Dominion Foundation Awards Grant to College for Water Quality Research

Dominion Foundation Awards Grant to College for Water Quality Research

The Dominion Foundation has awarded the College of Charleston $25,000 to purchase scientific equipment for two environmental research stations at Dixie Plantation, the College’s center for environmental research and historical discovery. The gift will augment the funds raised during the College of Charleston’s Boundless comprehensive campaign.

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The College of Charleston’s Dixie Plantation

 “We are deeply appreciative of this generous grant from the Dominion Foundation,” says Michael Auerbach, Dean of the College’s School of Sciences and Mathematics. “The equipment made possible through this corporate endowment will enable us to provide students of all ages with a richer understanding of Lowcountry ecosystems and how they impact us all.”

Located 17 miles south of Charleston, Dixie Plantation is a nearly 900-acre site comprised of every Lowcountry ecosystem, including marshlands, tidal flats, grassland savannas, wetlands, hardwoods and longleaf pines. Bequeathed to the College of Charleston by conservationist and artist John Henry Dick, it is now used to educate students, faculty and the community about the conservation and preservation of the environment.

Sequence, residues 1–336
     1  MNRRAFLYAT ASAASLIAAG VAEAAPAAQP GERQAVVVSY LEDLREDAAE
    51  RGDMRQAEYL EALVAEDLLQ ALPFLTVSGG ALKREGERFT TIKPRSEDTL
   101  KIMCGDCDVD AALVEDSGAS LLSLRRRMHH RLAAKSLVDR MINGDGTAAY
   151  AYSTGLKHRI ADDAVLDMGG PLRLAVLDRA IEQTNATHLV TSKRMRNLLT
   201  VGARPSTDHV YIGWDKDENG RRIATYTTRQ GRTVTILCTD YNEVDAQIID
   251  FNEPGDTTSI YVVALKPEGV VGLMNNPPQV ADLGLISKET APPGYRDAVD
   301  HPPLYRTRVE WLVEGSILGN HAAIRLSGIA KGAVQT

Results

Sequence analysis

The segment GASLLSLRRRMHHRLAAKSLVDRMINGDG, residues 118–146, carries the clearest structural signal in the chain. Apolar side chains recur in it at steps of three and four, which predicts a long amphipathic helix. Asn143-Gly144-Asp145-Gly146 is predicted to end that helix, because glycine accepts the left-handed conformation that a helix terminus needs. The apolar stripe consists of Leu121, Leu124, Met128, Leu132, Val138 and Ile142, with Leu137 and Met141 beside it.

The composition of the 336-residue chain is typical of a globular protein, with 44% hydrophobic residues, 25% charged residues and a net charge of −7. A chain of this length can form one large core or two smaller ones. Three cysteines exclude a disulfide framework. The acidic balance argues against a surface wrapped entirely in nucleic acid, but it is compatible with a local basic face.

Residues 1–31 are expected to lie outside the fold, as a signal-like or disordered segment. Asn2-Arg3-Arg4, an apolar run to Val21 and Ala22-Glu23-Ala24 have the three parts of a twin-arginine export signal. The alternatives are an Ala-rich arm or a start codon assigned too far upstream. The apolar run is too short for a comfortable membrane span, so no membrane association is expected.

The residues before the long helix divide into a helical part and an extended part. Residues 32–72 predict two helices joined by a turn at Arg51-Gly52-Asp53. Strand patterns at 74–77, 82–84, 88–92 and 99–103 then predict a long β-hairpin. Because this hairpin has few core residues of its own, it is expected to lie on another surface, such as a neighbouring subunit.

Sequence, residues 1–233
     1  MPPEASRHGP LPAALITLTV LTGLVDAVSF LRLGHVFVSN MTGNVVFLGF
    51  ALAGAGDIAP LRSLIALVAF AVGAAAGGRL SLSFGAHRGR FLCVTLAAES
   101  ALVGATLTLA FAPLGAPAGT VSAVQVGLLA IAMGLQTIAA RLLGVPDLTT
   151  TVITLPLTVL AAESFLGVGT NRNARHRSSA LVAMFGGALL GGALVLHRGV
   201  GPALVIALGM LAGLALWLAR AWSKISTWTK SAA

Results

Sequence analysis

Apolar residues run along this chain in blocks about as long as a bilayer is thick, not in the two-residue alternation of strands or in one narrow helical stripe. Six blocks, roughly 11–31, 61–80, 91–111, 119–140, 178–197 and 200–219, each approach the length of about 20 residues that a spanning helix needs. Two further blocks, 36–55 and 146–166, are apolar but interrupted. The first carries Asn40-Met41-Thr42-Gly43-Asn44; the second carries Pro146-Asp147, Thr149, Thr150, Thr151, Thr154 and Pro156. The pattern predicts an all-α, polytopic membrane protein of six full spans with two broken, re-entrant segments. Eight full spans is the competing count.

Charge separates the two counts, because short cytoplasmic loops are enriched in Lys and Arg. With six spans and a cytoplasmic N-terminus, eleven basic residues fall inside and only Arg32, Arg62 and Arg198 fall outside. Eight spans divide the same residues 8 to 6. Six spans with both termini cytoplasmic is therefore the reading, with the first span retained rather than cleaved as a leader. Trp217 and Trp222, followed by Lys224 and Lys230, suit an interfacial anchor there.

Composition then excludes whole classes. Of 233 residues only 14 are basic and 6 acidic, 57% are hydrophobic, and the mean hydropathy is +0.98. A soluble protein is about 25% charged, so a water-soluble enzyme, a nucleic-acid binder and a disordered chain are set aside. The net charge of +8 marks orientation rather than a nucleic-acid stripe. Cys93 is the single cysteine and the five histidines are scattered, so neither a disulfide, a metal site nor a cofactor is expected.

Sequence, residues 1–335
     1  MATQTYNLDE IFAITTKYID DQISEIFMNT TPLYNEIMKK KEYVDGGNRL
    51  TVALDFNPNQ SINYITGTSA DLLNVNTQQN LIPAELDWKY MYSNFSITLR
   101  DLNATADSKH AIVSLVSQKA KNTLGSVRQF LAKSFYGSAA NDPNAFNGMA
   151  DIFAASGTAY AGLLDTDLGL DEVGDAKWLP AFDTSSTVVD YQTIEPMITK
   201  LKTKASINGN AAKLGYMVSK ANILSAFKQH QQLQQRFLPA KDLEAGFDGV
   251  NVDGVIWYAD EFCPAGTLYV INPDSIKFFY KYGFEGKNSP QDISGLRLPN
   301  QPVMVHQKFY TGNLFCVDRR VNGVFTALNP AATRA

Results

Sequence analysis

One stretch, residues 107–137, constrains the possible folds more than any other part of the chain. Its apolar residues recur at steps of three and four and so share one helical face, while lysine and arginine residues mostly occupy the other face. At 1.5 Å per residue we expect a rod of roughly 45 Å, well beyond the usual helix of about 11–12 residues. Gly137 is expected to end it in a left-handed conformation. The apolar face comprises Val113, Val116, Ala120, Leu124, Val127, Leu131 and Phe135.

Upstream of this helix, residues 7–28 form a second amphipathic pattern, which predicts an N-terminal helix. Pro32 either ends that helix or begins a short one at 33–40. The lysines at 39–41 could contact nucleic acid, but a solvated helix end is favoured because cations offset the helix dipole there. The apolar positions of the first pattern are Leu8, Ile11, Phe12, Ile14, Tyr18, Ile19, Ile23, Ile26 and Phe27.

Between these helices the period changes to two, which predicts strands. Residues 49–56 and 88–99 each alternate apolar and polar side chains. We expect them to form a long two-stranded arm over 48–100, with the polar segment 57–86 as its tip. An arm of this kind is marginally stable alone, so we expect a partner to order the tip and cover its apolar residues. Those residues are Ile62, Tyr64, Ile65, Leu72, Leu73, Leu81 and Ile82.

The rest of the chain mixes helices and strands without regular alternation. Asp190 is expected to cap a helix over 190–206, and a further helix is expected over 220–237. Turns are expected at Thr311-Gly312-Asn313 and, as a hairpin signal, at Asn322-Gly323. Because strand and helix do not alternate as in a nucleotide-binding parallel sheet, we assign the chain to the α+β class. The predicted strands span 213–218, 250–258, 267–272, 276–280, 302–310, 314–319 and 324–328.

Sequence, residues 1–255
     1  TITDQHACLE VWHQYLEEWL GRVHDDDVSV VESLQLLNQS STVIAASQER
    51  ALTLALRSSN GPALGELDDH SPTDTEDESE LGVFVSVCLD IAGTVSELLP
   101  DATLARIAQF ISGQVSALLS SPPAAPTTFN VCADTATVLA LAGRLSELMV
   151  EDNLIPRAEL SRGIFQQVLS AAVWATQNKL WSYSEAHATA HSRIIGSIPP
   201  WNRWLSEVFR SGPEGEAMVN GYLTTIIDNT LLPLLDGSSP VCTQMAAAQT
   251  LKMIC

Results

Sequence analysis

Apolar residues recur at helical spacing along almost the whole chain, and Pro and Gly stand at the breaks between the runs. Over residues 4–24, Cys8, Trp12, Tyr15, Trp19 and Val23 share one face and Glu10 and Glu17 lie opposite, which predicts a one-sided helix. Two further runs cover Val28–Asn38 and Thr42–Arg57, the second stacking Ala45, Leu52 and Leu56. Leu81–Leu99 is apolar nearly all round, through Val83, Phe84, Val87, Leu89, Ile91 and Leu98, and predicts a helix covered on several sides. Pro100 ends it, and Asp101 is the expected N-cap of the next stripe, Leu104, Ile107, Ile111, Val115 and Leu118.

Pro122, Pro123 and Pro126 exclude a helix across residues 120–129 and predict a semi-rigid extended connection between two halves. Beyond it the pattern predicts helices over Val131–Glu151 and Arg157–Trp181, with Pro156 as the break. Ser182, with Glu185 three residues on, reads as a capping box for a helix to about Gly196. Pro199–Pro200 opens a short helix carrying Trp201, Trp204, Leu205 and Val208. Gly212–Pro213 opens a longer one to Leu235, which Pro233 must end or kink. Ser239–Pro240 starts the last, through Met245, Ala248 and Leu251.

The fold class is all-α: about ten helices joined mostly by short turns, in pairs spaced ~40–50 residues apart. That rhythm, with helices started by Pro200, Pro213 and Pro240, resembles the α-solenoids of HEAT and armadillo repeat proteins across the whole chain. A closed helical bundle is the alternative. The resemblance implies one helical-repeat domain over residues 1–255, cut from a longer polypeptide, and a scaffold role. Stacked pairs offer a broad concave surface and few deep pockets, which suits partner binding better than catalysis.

With this most recent gift, the College will be able to purchase water quality monitoring equipment for Dixie Plantation and train students and faculty on how to use it most effectively in a combined laboratory and field setting. Research conducted with this equipment is projected to have benefits that extend far beyond campus.

“Dominion is committed to supporting programs that enhance the quality of life in the communities we serve,” says Keith Windle, general manager of Dominion Carolina Gas Transmission. “We are proud to present the College of Charleston with a $25,000 grant to support environmental research stations.  This grant will provide enhanced educational opportunities to thousands of K-12 and college students throughout the years to come.”